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Best Madrid Shopping

AOL PICK from our Editors

Assuming you’re not after the kitsch offered in the cheesy shops around Sol and Plaza Mayor, Madrid shopping isn’t the best in Europe. The major exception to this is for fashion, especially shoes and leather goods. The Spanish take their appearance seriously and are willing to throw down a fair chunk of change to look nice. Good deals can be difficult to find, but if you’re willing to go for the high-end look, you can shop your way through your entire vacation. Shopping in Madrid is fun if you love antiques, from fascinating but inexpensive castoffs at El Rastro market to Louis XIV furniture at the antique shops in Barrio de Salamanca. Madrid is bucking the global trend of bookstore closings and has a lively literary scene, with many chain and specialist bookshops. Rather than point out specific stores, we figure we'll just point you in the right market areas.

El Corte Inglés

Welcome to Spain’s favorite department store. They’re scattered all around town and all around the country and are good for finding affordable Spanish fashions and anything you need that you left at home. This second aspect is handy, since most Spanish stores are very specialized, and it’s convenient to have everything under one roof. They sell pretty much everything here, from computers to music to shoes to groceries to cosmetics to airline tickets. A stroll through one also gives an insight into the buying habits of the Spanish working and middle class.

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El Corte Inglés  
Plaza Mayor Jonathan Buffard

Plaza Mayor

Neighborhood: Austrias

Madrid’s historic downtown makes for a hit-or-miss shopping experience. For every cheesy shop selling oversized straw hats and T-shirts that say “¡Olé!” you’ll find another offering real Spanish crafts, antiques and collectibles. Sunday mornings there’s a collector’s fair in Plaza Mayor selling coins, stamps, postcards, old deeds and various other ephemera that make unique gifts and mementos. Nearby stores sell militaria, lace fans, bullfighters’ costumes, capes and more. The difference between the tourist trap and the traditional is as apparent as the neon signs on one storefront and the subdued century-old facades of another.

Fuencarral from Glorieta de Bilbao to Gran Vía and Malasaña to the west of Fuencarral Jonathan Buffard

Fuencarral from Glorieta de Bilbao to Gran Vía and Malasaña to the west of Fuencarral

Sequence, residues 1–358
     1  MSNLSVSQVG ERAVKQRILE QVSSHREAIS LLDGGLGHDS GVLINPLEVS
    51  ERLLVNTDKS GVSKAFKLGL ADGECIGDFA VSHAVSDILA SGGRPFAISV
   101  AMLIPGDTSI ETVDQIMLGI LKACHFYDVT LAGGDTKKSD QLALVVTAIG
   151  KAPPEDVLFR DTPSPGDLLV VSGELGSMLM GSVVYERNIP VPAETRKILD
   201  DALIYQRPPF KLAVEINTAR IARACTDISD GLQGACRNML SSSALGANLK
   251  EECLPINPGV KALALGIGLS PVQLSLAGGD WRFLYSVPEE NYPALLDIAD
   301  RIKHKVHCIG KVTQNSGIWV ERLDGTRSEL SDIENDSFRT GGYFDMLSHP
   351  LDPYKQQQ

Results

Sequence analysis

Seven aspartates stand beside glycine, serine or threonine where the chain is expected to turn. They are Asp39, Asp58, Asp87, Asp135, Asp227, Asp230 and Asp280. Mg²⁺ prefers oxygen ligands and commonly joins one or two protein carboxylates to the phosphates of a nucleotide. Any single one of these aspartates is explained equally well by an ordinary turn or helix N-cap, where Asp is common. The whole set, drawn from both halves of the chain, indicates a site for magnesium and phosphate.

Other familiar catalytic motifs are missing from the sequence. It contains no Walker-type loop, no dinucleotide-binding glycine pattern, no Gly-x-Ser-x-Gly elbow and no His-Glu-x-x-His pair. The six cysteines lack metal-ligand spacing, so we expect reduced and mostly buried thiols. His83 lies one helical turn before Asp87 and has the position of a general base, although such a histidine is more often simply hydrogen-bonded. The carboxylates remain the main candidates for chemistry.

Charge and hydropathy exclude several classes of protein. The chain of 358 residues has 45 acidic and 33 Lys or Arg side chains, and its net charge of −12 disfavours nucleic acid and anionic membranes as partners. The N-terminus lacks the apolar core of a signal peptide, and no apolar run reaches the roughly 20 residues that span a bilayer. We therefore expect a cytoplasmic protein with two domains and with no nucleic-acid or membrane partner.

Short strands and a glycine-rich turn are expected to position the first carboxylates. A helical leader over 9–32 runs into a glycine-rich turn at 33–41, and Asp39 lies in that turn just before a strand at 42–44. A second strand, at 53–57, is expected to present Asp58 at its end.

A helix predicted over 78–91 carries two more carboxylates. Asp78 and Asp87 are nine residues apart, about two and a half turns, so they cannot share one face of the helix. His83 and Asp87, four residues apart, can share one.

Neighborhood: Malasaña

While most people go to Malasaña for its nightlife and dining, by day it’s worth exploring the narrow lanes for all the boutiques selling alternative music, gifts and fashion. Going south on Calle Fuencarral away from Bilbao and toward Gran Vía takes you past an increasingly shoddy array of shoe and clothing stores, discount jewelry retailers, tattoo parlors and gay leather shops. West of Fuencarral the stores go half a step upscale and you can find lots of funky little gifts (you do want a Betty Boop lunchbox, don’t you?), clothing for 20-somethings, and lots of hard-to-find local and international music.

Private Art Galleries

Neighborhood: Barrio de Salamanca

After seeing so much fine art in Madrid’s museums, you might be tempted to buy some yourself. The streets around Calle de Lagasca are home to dozens of galleries, exhibiting everything from the works of lesser-known impressionists and religious painters to the latest in contemporary photography. Much of it is beyond the means of the average shopper, but it does make for a fun additional trip for art lovers, and some prints and photographs are fairly affordable. There are also plenty of antique shops in this area selling furniture, glassware and day-to-day objects from times gone by. While Calle de Lagasca has a good cluster of galleries and antique shops, you’ll find them throughout the city. For an extensive but incomplete list, visit

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Private Art Galleries  
Calle Serrano/Velázquez, Calle Ortega y Gasset Jonathan Buffard

Calle Serrano/Velázquez, Calle Ortega y Gasset

Neighborhood: Barrio de Salamanca

The Barrio de Salamanca is justly famous as the most exclusive shopping area in the capital. High-end fashion and jewelry are the mainstays here, with international labels competing with local designers. Much of Europe’s cutting edge of fashion is first seen in these stores. If you have money to burn this is the place to make a bonfire. If you don’t, and you look it, there’s a good chance you’ll be given the cold shoulder.